Hargeisa is the capital of Somaliland, a former British colony which unilaterally declared independence from the rest of Somalia in 1991. A brutal civil war between 1988-91 resulted in most of the city being destroyed. After 25 years of rebuilding amidst a climate of relative peace, the city now has an estimated one million people living there and is continuing to grow.
The team is working in three communities in Hargeisa: the State House in the city centre, Camp A and Digaale Camp located on the outskirts of the city. The settlements have houses and huts made from corrugated iron, recycled plastic, cloth and any other materials people can patch together to make a shelter.
Security of tenure is a big issue in the city. The State House settlement is located on public land near the centre of the Hargeisa. Established in 1991, this camp houses 4,500 families and the people who live here are worried that they will be forced to move on when the government eventually decides – as they surely will – to use the land. The other two settlements, Camp A and Digaale Camp, are located at the edge of the city. Camp A is located on private land where there is no assurance that the migrants can remain. The families that live here hope that they will be able to resettle to a more permanent location. In contrast, the residents of Digaale Camp have been assured they can stay and so the 900-family community is now beginning to invest in the area. They live in more permanent metal houses built with the limited support of the Norwegian Refugee Council (NRC), Danish Refugee Council (DRC) and the European Union (ECHO).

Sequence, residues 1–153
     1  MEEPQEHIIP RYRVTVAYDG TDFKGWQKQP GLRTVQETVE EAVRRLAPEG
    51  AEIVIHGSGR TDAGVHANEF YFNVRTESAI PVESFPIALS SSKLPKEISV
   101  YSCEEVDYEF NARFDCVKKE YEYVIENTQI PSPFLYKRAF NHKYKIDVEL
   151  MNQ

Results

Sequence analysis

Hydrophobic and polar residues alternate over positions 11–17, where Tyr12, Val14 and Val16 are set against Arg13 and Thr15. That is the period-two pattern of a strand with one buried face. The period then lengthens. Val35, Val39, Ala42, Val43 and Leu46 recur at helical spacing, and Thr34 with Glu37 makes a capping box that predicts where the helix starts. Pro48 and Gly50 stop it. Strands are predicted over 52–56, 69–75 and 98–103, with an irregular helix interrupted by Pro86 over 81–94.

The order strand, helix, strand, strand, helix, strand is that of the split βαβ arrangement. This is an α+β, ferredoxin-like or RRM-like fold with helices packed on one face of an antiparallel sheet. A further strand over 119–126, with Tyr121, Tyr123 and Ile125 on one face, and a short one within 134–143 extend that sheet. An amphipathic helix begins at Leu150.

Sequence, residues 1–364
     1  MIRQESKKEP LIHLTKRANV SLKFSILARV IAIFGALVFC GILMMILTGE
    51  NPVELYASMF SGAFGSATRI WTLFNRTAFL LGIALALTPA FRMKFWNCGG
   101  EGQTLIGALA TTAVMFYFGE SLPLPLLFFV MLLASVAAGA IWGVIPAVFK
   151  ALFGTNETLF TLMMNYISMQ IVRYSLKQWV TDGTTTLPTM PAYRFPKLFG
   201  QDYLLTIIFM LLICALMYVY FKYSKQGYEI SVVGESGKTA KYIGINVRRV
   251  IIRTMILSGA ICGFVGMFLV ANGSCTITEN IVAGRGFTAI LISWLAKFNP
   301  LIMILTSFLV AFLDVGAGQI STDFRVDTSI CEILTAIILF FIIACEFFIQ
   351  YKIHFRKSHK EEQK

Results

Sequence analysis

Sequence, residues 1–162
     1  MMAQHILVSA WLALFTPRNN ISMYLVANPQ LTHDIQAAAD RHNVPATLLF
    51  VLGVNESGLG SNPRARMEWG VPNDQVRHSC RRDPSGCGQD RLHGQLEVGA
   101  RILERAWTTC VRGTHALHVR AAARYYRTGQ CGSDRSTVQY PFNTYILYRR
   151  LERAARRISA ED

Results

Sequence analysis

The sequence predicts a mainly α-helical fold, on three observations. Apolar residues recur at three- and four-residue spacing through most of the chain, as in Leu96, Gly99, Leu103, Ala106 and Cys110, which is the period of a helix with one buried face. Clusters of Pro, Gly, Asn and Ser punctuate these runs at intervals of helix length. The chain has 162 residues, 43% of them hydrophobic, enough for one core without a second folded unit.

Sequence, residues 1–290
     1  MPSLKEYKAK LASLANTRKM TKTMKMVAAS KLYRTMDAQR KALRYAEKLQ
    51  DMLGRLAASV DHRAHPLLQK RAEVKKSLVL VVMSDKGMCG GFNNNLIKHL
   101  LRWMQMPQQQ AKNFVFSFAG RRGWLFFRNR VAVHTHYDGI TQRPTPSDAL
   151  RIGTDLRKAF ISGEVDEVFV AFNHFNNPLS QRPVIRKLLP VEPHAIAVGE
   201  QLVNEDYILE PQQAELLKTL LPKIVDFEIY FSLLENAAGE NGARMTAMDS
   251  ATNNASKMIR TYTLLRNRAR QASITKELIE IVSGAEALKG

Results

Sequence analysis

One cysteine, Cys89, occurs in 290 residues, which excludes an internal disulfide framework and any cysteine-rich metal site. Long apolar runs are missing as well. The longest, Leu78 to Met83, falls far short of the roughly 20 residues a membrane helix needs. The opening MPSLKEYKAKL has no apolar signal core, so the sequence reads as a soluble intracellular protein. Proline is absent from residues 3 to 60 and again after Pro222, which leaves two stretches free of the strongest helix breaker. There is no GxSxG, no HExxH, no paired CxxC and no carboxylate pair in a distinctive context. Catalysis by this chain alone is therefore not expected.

Drivers of migration
People have moved to Hargeisa for a variety of reasons. The construction boom in the city has started to draw people from other areas, but environmental change has also been a strong factor. The drought of 2011 was the most severe in living memory, and many pastoralists lost livestock so they moved to Hargeisa in search of work to support themselves and their families. The situation was worsened during another serious drought in 2017. But the migrants have little in the way of skills or tools to find other employment so many have resorted to crushing rocks to sell to the gravel industry.